Tarmac delay policies : a passenger-centric analysis
Author(s)Vanderboll, Allison Elizabeth (Allison Sunny Elizabeth)
Massachusetts Institute of Technology. Department of Civil and Environmental Engineering.
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In this work, we analyze the effectiveness of the 2010 Tarmac Delay Rule from a passenger-centric point of view. The Tarmac Delay Rule aims to protect enplaned passengers on commercial aircraft from excessively long delays upon taxi-out or taxi-in, and monetarily penalizes airlines that violate the stipulated three-hour time limit. Using an algorithm to calculate passenger delay, we quantify delays to passengers in 2007, before the Tarmac Delay Rule was enacted, and compare these delays to those estimated for hypothetical scenarios with the rule in effect for that same year. Our delay estimates are achieved using U.S. Department of Transportation data from 2007, and one quarter of booking data purchased from a large legacy carrier to validate our results. The results suggest that the rule has been a highly effective deterrent for airlines to keep tarmac times under three hours. This benefit is offset, however, because coincident with shortened tarmac delays are flight cancellations. Cancellations result in passengers requiring rebooking, and extensive delays. Through our analysis, we show that the overall impact of the Tarmac Delay Rule is a significant increase in passenger delays. We evaluate the impacts of variations to the rule, including changing the rule to apply to flights that are delayed for both less and more than the three hours stipulated in the rule, and identifying other variants of the rule that might better meet the objective of benefiting the flying public. Through extensive scenario analysis, we determine that the rule should be applied selectively, depending on flight departure times and specific network characteristics.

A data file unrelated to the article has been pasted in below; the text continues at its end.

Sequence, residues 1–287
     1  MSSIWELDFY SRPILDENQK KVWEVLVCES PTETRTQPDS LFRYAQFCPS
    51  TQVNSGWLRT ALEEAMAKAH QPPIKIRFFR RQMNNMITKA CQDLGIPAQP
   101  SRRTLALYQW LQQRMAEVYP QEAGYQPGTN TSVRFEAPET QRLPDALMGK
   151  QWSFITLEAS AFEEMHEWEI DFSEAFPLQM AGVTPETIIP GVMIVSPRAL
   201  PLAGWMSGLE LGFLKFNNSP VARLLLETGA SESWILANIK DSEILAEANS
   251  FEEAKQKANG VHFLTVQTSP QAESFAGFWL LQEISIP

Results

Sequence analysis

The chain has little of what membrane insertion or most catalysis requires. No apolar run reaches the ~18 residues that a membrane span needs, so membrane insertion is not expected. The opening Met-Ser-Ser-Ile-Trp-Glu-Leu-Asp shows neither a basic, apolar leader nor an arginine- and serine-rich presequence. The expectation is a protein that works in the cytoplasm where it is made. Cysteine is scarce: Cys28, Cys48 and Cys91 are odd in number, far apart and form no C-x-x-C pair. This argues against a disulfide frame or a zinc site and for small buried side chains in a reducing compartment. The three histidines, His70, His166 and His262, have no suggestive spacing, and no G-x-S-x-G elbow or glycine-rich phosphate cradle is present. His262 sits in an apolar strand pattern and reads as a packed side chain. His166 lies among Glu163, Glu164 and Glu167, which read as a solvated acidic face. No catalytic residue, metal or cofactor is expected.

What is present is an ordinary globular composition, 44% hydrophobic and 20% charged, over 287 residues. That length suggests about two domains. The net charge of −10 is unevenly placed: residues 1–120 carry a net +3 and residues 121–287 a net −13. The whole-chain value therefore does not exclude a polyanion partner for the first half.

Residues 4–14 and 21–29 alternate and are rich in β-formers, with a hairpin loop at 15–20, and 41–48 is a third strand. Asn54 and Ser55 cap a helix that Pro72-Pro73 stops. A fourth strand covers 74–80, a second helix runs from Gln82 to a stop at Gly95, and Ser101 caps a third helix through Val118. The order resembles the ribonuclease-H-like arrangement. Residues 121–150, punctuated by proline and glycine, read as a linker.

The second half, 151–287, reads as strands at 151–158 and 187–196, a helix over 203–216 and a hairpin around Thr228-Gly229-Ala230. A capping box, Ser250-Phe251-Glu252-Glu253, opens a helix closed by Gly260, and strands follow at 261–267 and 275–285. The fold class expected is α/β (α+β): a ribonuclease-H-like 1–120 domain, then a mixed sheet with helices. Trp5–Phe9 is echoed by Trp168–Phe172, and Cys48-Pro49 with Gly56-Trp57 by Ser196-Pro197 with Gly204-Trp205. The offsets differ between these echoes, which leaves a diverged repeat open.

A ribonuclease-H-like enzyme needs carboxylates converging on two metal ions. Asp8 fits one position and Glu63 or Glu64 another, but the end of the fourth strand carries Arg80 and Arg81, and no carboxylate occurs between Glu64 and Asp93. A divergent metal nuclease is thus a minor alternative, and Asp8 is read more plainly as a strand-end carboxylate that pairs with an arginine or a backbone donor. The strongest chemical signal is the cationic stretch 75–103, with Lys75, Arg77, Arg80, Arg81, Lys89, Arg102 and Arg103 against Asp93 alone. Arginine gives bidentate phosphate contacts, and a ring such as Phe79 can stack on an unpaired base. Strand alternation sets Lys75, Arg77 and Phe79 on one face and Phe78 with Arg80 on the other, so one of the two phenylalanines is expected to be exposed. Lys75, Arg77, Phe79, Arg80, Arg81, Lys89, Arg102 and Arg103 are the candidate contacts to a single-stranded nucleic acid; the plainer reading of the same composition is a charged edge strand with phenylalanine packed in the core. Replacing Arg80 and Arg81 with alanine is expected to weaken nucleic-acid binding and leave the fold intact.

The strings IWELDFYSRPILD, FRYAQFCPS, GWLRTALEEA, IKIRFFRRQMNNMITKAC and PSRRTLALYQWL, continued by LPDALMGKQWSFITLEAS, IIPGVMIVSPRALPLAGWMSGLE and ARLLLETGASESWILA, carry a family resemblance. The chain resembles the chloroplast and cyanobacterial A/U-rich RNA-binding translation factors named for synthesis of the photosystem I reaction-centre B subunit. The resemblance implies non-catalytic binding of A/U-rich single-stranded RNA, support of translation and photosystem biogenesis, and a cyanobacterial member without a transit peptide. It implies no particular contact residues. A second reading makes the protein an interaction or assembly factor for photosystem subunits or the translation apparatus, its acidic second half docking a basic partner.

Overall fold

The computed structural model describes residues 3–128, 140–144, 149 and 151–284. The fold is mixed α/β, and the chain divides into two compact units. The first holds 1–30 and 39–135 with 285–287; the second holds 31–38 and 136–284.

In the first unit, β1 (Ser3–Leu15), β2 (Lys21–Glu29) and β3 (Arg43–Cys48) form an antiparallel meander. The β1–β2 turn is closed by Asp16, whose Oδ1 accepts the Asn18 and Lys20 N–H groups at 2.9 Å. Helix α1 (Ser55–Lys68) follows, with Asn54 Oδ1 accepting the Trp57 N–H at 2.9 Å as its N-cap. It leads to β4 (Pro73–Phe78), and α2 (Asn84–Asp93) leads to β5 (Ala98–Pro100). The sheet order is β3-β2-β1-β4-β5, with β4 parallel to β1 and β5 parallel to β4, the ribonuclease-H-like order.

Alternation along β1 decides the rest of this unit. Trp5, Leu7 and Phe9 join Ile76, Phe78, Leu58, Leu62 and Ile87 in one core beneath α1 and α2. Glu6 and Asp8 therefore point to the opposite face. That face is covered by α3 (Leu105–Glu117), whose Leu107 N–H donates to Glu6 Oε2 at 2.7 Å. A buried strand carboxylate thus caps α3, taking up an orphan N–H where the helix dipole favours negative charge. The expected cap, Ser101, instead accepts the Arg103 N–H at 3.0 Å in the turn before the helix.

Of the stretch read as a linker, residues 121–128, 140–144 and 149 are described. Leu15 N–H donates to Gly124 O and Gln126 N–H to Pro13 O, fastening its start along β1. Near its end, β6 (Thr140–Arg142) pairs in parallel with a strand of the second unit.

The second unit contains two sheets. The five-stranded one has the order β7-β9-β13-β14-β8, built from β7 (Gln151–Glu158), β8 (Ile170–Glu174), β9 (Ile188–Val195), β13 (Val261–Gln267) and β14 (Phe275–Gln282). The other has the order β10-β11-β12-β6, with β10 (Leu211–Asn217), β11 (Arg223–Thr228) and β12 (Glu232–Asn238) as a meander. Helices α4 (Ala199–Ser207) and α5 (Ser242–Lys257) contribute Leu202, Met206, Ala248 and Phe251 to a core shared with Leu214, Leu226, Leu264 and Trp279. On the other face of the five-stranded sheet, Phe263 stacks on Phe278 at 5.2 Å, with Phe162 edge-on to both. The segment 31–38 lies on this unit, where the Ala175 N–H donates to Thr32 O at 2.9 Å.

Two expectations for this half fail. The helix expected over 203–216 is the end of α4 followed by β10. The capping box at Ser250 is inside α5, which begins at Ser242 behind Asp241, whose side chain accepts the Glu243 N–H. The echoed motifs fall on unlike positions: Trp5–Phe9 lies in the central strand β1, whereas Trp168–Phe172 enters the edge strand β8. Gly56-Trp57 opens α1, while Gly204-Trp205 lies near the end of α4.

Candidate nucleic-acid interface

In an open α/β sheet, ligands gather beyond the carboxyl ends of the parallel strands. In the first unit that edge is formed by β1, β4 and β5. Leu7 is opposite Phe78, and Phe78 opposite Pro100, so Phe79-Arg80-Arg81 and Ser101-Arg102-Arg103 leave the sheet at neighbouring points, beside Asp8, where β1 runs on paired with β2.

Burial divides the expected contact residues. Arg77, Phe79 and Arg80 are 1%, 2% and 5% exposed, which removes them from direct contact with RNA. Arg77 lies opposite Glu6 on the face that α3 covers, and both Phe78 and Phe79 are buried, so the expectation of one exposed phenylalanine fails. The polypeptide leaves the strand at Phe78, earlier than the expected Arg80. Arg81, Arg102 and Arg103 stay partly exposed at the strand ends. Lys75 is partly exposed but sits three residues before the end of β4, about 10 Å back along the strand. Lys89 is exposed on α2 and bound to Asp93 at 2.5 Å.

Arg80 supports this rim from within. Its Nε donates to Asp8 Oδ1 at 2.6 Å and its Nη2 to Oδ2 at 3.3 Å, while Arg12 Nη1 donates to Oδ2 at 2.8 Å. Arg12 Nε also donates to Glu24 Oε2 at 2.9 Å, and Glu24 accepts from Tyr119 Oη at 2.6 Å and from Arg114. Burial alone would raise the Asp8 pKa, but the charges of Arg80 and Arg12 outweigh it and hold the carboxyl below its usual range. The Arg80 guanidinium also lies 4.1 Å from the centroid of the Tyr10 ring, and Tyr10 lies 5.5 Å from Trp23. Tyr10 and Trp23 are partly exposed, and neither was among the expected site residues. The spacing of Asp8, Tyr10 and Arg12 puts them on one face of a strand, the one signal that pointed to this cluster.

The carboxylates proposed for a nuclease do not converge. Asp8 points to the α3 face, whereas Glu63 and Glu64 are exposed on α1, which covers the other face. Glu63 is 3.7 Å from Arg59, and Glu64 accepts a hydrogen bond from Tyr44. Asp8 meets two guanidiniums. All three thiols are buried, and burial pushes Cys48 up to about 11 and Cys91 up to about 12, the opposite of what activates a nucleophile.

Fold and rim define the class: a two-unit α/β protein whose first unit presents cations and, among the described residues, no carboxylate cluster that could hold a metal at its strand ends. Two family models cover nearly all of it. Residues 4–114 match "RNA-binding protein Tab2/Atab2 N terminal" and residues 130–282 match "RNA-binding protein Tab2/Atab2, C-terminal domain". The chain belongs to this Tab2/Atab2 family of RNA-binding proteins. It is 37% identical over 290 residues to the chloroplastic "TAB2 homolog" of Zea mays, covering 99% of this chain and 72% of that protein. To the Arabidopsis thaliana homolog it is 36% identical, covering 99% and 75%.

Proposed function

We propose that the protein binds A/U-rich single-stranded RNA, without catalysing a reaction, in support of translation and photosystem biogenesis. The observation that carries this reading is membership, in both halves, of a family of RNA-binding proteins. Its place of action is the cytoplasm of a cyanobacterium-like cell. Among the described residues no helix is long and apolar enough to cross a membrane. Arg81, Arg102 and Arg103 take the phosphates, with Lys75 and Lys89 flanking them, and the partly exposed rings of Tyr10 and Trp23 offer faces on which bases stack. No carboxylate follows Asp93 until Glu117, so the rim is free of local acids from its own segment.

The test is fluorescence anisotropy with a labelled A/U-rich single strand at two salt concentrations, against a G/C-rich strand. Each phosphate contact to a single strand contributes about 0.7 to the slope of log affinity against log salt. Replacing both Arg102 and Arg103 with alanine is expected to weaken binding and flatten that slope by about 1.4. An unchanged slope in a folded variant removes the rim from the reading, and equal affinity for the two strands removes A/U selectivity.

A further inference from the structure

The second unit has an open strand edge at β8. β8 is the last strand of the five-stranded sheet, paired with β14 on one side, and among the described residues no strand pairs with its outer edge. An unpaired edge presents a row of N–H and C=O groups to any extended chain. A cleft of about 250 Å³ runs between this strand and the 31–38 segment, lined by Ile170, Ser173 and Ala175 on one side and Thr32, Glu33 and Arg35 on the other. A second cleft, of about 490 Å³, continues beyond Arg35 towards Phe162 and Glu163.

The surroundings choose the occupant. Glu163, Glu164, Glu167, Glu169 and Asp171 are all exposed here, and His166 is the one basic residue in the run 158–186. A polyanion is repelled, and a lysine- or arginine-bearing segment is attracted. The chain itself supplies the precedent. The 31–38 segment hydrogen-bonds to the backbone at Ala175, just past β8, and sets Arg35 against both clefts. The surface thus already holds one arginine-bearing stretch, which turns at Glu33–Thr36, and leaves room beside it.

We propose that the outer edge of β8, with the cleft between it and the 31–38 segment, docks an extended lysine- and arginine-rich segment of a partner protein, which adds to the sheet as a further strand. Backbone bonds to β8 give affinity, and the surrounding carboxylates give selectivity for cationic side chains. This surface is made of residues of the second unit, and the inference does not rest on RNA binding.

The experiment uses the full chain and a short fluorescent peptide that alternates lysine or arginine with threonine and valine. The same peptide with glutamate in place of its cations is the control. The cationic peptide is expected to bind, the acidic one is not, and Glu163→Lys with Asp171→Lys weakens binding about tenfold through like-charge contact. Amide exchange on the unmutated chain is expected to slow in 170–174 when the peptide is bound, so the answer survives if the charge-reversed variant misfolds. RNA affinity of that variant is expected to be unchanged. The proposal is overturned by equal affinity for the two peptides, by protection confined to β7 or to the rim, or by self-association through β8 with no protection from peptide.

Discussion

Thesis (S.M. in Transportation)--Massachusetts Institute of Technology, Department of Civil and Environmental Engineering, 2013.Cataloged from PDF version of thesis.Includes bibliographical references (pages 73-74).
DepartmentMassachusetts Institute of Technology. Department of Civil and Environmental Engineering.
Massachusetts Institute of Technology
Civil and Environmental Engineering.